While I own one, I haven't used it ...yet, so this is an interesting pro and con debate. While it may be best to plane all the work to a uniform thickness, I wonder if jointing one face, opposite/alternate, would give a registration surface? As long as the surfaced face was down on the table would it matter if the opposite face was not surfaced?
This way all the rough surfaces would be ^ up? Just throwing that out for "debate"
Important to again note, than no-one I know in North America uses a joint bit, even although these things have been around forever. If you try one and you don't have patience, I will be surprized to not see it ending up in the trash can.
This is what I did on the top pictured in the thread.
I glued up in the rough, without planing any of the faces, because I wanted the top as thick as possible and my boards were reasonably equal thickness. Also the Maple I am using has a lot of cross grain in it and although I know how to grind blade angles to give no tear-out for this scenario of face jointing, I could not afford the time. Both edges were jointed, I could of used the joint bit to do this also, but the fence on my shaper was not long enough and I did not want to waste time making a fence for the job.
First board, measure thickness in several spots with a vernier caliper and obtain the average thickness. ( I can measure up to 0.001")
Measure the thickness of the joint bit.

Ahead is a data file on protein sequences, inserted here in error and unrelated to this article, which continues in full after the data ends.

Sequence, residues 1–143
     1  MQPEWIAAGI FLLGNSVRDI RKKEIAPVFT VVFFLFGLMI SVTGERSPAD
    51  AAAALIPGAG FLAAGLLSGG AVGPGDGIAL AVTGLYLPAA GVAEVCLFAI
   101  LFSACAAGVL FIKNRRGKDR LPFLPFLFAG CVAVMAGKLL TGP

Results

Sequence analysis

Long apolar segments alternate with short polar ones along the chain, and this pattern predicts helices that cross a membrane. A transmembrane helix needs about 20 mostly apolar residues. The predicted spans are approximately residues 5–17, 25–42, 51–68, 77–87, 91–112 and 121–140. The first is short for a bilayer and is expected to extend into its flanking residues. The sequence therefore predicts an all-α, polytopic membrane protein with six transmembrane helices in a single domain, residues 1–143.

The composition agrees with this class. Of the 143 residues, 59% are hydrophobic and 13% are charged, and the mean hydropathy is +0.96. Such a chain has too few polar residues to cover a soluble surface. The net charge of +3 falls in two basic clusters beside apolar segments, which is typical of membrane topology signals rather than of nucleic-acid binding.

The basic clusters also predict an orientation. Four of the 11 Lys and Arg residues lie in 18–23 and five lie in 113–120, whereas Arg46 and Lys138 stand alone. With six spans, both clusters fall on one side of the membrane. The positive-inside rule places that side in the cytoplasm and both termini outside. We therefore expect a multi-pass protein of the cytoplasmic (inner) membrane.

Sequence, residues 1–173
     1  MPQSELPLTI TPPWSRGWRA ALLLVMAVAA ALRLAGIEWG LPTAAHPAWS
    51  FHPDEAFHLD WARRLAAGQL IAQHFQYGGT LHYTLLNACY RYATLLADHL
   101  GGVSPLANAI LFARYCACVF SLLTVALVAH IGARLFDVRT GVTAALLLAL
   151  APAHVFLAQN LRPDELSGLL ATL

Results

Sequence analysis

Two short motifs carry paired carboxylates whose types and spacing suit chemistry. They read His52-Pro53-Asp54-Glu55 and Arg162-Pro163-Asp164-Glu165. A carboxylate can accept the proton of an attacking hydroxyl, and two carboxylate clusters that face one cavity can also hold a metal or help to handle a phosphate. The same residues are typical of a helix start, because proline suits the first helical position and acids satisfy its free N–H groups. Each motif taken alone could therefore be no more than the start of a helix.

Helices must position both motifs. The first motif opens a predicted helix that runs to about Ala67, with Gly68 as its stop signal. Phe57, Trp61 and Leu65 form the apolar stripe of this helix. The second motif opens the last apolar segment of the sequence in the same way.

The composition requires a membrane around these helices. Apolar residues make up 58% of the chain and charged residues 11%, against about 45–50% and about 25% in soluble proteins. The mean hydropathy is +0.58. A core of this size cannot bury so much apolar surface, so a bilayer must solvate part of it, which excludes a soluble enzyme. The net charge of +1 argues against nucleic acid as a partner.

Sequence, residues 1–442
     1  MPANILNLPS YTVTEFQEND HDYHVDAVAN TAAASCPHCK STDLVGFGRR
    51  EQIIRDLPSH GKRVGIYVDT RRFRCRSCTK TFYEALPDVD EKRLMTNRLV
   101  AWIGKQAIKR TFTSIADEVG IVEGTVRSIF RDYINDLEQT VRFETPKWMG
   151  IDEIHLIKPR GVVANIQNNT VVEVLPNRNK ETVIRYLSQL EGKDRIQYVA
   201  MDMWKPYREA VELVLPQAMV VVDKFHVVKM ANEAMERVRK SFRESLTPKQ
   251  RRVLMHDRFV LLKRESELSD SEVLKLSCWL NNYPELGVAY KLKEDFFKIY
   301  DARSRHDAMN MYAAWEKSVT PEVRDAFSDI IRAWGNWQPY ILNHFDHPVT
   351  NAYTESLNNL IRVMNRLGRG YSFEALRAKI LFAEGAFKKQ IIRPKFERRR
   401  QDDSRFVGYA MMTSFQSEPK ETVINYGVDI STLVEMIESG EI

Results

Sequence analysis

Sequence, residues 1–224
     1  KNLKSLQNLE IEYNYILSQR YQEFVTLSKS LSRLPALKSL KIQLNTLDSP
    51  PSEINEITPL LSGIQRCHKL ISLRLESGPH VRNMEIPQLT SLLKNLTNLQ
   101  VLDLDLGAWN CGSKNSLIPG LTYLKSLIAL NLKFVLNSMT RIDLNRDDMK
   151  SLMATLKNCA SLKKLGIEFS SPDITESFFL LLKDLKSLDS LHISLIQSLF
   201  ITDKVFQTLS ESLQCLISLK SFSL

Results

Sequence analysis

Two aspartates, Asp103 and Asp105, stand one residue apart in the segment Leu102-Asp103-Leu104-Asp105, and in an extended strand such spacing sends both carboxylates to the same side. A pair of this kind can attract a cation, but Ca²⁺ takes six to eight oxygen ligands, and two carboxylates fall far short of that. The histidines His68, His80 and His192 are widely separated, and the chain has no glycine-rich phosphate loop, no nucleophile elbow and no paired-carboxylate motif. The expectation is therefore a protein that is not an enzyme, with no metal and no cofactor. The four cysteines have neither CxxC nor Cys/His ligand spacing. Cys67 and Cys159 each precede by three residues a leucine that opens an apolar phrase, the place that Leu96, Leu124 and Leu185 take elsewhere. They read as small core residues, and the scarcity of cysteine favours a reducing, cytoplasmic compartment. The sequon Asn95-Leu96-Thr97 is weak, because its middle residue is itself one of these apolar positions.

Subtract the width measurement of the board from the width measurement of the joint bit and divide by 2.
Set the board on the shaper, lying right next to the installed joint bit. Set the vernier caliper to the dimension calculated above, one end on the cutter and start adjusting cutter height until the caliper depth point touches the board. The inner cutting edge should miss the jointed edge by about 0.001 by adjusting the fence, so we maintain the jointed edge.
After milling the first board the next is milled with the top facing down. If the next board is thicker or thinner than the previous, we have the choice of setting the cutter height to exactly match on one side of the table top, being an equal top face, or we have the choice to set the cutter height to divide the difference, meaning there will be a slight step both top and bottom of the table top.
I ended up within around 1/32" on my glue-up offset both faces. I could have aligned perfectly on the top of the table surface, but there are rough sawn marks that are also aroud 1/32", which is why I did not bother, as these have to be planed out.
Long time ago, 8 years I drove past a chopped down Walnut orchard and the owner gave me some logs. I had these cut into boards and dried them in my garage. They bowed real real real bad and I actually straigthened them by gluing up opposite bowed ends using a joint bit in a router. The end product needed some hand planing, but not much, the job pictured below.